This infographic summarizes basic facts about unemployed childless adults receiving SNAP (formerly food stamps), roughly 1 million of whom will be cut off SNAP over the course of 2016 — regardless of how hard they are looking for work — as a three-month time limit on benefits returns in many areas. (Click here for full image. Click here for printable version.)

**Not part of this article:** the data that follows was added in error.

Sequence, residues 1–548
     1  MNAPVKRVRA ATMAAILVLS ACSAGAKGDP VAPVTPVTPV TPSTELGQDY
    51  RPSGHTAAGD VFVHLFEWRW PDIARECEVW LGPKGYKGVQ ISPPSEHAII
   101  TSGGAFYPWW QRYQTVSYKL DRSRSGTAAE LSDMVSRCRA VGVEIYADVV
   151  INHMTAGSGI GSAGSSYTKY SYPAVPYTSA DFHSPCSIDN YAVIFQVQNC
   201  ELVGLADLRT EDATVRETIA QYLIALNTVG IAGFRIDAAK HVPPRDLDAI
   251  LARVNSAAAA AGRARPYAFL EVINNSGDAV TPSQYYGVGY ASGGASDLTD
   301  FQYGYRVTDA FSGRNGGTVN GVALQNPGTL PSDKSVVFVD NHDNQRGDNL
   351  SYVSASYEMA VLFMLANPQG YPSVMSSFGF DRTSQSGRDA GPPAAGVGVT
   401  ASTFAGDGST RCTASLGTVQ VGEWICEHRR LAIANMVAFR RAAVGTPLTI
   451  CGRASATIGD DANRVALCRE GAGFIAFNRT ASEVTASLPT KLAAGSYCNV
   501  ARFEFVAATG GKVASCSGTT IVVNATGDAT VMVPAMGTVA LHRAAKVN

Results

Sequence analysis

Congress should revise the harsh three-month cutoff to better accomplish its stated goal of testing individuals’ willingness to work. If it doesn’t, some of the nation’s poorest people will lose an average of $150 to $200 a month in benefits. This means food banks, pantries, and soup kitchens can expect a sustained increase in food requests because “there are not very many options to get help when you need food,” the operations director of a Bozeman, Montana, food bank explains. Also, homeless shelters may see an increase in need as some people forgo rent payments to buy food.